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MENAFN - ProactiveInvestors - Australia - 18/11/2012

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(MENAFN - ProactiveInvestors - Australia) Leaf Energy's (ASX: LER) patent applications for the novel pre-treatment of Cellulosic Biomass for Bio-Ethanol production are due for Patent Cooperation Treaty publication on the 6th December 2012.

The Patent Cooperation Treaty (PCT) is an international patent law treaty that provides a unified procedure for filing patent applications to protect inventions in each of its contracting states.

A PCT application, which establishes a filing date in all contracting states, must be followed up with the step of entering into national or regional phases to proceed towards grant of one or more patents.

The patent applications for the Glycerol Bio-refinery Process are part of the joint intellectual property developed under the Collaboration and Licence Agreement between Leaf Energy, Syngenta, Queensland University of Technology, and QUTBluebox.

Leaf Energy has rights to these patents in Australasia, and is also in the process of obtaining rights to the intellectual property in India, Thailand, the Philippines, Nicaragua, Guatemala, Mauritius, Malaysia and Indonesia.

The patent application titled "Methods for Converting Lignocellulosic Material to Useful Products" (Glycerol Bio-refinery process) describes the process developed at the Queensland University of Technology.

Leaf Energy is working towards the first major cellulosic ethanol production project in Australia.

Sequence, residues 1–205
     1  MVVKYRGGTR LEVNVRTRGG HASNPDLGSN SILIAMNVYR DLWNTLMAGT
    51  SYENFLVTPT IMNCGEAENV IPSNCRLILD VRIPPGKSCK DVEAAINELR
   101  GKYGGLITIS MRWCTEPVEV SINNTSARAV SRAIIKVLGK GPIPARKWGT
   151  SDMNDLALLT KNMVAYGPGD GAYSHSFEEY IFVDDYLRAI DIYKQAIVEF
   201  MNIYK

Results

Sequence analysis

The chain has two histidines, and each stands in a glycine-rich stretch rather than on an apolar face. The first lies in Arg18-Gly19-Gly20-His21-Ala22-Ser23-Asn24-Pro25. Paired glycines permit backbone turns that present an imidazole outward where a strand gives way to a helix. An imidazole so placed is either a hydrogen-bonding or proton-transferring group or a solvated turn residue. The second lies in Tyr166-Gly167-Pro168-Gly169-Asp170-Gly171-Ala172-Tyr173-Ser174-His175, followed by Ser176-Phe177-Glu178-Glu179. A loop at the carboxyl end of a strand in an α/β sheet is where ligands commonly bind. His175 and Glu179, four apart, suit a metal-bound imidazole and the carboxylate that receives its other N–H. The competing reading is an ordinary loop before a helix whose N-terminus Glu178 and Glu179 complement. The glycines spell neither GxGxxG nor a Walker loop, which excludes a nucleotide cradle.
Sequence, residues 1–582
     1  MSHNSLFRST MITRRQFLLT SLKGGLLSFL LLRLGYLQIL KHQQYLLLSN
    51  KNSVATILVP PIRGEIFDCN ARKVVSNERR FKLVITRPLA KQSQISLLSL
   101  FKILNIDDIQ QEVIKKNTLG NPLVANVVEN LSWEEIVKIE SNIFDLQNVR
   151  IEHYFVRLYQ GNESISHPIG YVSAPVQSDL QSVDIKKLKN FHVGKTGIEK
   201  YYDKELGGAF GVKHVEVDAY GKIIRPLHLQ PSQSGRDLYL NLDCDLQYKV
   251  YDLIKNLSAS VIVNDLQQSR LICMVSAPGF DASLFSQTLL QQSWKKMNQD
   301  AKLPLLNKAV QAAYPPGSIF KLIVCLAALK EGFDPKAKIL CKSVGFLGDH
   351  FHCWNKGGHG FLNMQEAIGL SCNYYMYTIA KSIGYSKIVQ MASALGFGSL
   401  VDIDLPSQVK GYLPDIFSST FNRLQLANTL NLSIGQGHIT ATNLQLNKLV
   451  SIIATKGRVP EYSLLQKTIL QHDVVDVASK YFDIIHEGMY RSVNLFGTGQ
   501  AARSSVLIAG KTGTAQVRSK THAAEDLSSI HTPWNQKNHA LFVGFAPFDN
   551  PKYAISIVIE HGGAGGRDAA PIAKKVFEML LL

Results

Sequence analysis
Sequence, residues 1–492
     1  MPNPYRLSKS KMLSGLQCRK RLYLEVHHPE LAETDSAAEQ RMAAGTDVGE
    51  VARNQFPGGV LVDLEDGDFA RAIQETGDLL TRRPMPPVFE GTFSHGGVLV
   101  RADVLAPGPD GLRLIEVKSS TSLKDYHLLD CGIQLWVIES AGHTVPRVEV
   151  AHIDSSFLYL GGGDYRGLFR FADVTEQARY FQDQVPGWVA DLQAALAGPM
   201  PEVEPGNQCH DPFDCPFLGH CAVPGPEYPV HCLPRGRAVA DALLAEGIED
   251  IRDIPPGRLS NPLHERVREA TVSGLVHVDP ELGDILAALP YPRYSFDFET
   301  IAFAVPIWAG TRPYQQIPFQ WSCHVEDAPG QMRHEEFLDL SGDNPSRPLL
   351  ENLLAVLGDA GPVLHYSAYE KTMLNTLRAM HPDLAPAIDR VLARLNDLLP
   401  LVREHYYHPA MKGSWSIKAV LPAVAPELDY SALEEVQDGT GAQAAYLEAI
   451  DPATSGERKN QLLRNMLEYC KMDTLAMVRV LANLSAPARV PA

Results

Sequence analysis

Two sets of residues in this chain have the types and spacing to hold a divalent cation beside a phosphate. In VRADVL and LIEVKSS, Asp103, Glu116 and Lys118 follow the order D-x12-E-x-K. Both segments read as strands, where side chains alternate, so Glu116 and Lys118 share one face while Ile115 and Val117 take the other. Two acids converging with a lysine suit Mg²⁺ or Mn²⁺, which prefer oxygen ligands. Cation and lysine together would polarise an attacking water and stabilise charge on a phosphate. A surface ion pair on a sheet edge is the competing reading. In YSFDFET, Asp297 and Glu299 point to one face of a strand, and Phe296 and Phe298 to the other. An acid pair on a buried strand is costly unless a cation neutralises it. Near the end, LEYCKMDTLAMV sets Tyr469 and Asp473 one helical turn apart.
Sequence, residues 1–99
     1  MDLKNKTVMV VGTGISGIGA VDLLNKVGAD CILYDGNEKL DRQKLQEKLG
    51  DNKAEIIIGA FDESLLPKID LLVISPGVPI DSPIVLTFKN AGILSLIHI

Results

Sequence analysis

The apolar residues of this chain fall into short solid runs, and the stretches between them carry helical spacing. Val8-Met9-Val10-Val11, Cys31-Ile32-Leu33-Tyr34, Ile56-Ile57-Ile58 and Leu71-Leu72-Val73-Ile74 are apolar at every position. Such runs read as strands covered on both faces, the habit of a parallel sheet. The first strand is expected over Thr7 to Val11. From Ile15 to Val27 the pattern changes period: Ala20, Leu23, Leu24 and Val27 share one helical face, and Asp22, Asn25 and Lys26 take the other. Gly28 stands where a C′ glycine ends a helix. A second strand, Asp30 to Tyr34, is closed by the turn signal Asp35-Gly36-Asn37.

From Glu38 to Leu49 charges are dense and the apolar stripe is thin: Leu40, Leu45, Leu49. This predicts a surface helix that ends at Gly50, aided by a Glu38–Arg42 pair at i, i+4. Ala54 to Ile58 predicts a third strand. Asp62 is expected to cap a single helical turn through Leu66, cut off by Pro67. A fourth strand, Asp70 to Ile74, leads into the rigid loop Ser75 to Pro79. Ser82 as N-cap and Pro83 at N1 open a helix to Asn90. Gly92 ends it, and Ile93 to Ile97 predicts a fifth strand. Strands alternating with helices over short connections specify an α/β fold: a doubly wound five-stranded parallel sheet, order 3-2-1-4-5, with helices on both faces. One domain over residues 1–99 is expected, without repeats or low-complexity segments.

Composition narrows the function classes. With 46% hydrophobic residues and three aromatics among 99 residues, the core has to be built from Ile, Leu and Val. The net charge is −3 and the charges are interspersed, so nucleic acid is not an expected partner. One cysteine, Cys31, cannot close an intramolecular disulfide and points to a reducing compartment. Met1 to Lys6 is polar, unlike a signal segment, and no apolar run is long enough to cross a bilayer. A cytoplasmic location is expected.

The company plans to profile the ground breaking Glycerol Bio-refinery Process in a pilot scale demonstration of cellulosic ethanol production from sugarcane bagasse, set to be the first major pilot scale production of any second generation biofuel in Australia.

The production of biofuels from waste agricultural biomass requires an integrated process that starts with the breakdown of the fibre (pre-treatment), conversion of the pre-treated fibre into sugars and the subsequent production of ethanol and co-products.

There are several pre-treatment processes that are effective at breaking down fibre, but most require high temperatures, resulting in high energy use and the production of sugar degradation compounds that inhibit the subsequent fermentation.

In many pre-treatment processes, the chemicals used are expensive.

The "Glycerol Bio-refinery Process" overcomes these problems by being effective at much lower temperatures than other benchmark pre-treatments.

At these lower temperatures, energy use is reduced and losses of sugars to degradation products are greatly reduced.

Glycerol production has increased rapidly around the world as a waste product from biodiesel production and is a low cost chemical to use in pre-treatment.

Data published in the patent specification for the Glycerol Bio-refinery Process shows that after 24 hours the process has liberated over 90% of the digestible cellulose.

These results have been successfully repeated at pilot scale, at the Mackay Renewable Bio-commodities pilot plant operated by Queensland University of Technology.

Large target market

Australians spend about 50 billion on energy each year and 35% of that amount is related to transportation costs.

Sugarcane bagasse has the potential to provide sufficient ethanol for 14% of Australia's automotive gasoline requirement and the market in Queensland and New South Wales alone is enough for 1,000 megalitres, a 700 million market.

E10 is a very popular fuel in New South Wales with 40% of the market. If there was a 10% ethanol mandate across Australia that would equate to a 2,000 megalitre, 1,400 million market.

The use of waste cellulosic feedstocks such as bagasse means that there is no competition with food requirements or land used for food production, a significant drawback with other feedstocks.

The production of ethanol from waste cellulosic biomass also has major carbon benefits, with reductions of 70% to 86% estimated for cellulosic ethanol use in comparison to standard fuels.


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